Graduate Medical Education
Senior Resident Attribution
Following up on patient outcomes for physician residents can be challenging, but there are good learning opportunities if residents had a more streamlined way to track the patients on whom they would like to follow up. Although the business intelligence team built a “Resi-Dashboard'' for patient outcomes, attribution of patients to residents was not straightforward and has inaccuracies. This project will assess if patterns in the EMR access logs can be used to accurately attribute patients to Senior Residents in the Pediatric Hospital Medicine service.
The extent to which, and the “appropriateness” of which Pediatric Hospital Physician Trainees use the electronic health record (EHR) to care for inpatients in a team-based context is unclear. The goal of this project is to gain a better understanding of the patterns of EHR usage by trainees, including their degree of “engagement” in the EHR, and the associations of these patterns with outcomes.
Measuring Physician Trainee Maturation via APeX Audit Logs "The Trainee Digital Growth Chart"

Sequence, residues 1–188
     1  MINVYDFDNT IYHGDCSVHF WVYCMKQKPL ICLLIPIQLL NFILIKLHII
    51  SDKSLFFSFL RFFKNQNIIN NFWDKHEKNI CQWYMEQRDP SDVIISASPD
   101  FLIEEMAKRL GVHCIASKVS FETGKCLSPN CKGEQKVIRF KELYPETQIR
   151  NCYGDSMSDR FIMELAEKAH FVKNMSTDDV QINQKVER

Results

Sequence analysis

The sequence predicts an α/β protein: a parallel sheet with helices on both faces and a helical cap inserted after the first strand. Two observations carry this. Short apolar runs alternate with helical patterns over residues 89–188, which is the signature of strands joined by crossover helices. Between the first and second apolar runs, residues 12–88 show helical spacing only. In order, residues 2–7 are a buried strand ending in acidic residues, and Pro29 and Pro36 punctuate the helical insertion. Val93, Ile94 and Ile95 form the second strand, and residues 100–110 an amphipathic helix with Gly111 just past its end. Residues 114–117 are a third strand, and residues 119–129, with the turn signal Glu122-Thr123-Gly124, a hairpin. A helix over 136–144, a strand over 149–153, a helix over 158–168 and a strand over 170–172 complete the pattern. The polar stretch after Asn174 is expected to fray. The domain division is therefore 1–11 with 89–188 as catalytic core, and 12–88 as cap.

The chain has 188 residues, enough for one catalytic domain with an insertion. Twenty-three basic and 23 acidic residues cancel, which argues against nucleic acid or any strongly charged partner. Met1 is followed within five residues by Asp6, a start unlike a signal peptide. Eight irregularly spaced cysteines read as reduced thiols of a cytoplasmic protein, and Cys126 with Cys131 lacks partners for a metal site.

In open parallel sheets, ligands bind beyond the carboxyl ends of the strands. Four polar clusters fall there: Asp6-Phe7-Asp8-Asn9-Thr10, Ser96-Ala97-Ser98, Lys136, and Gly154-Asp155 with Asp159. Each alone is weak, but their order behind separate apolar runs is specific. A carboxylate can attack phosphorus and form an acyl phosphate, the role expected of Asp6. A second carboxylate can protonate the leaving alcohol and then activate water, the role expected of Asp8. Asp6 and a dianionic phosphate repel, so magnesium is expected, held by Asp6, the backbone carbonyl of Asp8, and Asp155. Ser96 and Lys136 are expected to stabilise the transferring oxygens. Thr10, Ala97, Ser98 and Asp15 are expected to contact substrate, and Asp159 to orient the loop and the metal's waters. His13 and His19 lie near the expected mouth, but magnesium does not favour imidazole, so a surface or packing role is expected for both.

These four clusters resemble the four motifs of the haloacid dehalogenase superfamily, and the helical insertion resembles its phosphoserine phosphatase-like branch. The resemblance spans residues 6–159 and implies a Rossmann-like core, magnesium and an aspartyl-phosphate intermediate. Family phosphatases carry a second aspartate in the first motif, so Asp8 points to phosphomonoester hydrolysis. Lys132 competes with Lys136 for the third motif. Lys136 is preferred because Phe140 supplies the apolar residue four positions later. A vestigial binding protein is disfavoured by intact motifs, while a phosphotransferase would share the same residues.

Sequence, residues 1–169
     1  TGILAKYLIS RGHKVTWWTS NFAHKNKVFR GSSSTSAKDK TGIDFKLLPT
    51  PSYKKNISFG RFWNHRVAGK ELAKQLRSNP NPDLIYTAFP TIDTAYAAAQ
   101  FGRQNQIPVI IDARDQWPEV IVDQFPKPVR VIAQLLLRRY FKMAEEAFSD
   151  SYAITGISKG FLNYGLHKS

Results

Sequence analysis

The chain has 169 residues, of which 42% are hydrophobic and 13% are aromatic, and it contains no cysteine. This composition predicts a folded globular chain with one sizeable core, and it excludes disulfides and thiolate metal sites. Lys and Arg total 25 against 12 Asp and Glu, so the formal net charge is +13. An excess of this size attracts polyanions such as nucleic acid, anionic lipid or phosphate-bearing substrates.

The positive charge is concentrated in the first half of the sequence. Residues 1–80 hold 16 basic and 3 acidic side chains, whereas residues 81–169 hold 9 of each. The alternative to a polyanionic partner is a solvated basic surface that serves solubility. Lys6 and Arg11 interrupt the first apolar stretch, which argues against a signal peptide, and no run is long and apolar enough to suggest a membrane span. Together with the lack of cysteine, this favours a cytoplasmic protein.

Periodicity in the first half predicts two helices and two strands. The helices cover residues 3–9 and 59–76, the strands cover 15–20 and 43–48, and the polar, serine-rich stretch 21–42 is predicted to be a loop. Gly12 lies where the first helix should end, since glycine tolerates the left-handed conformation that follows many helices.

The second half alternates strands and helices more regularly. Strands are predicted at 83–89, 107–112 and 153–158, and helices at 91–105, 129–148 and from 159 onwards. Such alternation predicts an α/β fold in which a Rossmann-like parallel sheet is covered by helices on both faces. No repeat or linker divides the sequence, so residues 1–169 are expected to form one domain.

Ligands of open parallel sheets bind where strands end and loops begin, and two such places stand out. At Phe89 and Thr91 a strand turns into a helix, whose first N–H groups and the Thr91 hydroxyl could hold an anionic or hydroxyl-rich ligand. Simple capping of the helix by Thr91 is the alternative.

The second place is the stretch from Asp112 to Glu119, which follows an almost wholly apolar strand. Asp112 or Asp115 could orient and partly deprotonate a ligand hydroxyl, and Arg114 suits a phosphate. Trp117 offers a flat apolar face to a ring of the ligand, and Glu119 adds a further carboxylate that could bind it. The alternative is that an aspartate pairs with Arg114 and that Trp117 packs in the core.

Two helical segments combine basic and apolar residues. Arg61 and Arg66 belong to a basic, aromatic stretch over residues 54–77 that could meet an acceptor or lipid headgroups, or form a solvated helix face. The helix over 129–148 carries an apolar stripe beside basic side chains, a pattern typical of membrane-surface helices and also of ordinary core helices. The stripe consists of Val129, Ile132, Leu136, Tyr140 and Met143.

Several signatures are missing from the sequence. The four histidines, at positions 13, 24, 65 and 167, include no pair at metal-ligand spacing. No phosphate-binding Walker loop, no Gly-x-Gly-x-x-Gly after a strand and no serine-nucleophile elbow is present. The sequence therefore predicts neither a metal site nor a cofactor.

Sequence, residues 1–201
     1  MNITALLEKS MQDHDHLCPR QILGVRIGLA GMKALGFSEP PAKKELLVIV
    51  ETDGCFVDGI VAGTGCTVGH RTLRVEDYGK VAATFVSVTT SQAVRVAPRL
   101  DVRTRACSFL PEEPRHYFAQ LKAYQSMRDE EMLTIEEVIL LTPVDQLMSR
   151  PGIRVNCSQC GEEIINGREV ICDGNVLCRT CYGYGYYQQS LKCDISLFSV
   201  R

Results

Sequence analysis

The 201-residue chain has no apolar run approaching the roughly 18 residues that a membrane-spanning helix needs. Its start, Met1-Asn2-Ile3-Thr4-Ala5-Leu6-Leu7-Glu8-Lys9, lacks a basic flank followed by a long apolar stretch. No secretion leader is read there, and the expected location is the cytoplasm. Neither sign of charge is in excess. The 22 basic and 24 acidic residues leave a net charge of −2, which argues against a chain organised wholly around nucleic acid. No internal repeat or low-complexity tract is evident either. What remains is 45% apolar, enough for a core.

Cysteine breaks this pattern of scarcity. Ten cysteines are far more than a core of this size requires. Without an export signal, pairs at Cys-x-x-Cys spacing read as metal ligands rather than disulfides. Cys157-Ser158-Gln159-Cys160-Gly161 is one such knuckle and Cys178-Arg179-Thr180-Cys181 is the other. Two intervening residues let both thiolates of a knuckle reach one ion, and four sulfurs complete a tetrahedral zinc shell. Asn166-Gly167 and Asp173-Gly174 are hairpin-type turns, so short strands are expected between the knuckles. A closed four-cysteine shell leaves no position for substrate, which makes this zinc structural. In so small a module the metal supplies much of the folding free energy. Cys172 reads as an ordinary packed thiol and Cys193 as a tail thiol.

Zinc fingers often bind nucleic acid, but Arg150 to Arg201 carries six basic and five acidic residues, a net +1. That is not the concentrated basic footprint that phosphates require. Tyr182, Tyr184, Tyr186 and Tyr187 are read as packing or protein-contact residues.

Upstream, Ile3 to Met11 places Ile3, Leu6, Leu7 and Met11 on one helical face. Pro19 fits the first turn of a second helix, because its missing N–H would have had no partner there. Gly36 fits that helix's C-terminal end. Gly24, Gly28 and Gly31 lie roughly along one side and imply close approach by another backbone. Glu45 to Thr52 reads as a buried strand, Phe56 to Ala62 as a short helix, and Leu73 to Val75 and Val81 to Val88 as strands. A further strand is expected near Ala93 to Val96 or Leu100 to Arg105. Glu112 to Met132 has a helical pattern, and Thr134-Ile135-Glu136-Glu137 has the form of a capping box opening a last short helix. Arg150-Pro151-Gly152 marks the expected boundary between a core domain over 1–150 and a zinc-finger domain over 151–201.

This is a highly collaborative project involving stakeholders from CLIIR, the Graduate medical Education Office, Pediatrics, Hospital Medicine, the School of Medicine Technology Office (SOMTech), and the Technology Enhanced Education (TEE) Office. In this project, we are using the APeX EHR audit logs to capture and quantify the information gathering activities of physician trainees within the Division of Hospital Medicine and Pediatric Hospital Medicine, and to evaluate trainee maturation in the performance of these activities over time against a “digital trainee growth chart.” Performance benchmarks are generated by attending physicians who are experts in graduate medical education. The performance of trainees against these benchmarks are provided to trainees to help them identify opportunities for improvement in how they gather information from the EHR, and to attending physicians as an additional tool by which they can evaluate their trainee performance. This project has the opportunity to scale to other healthcare specialties and to institutions throughout the U.S. involved in graduate medical education.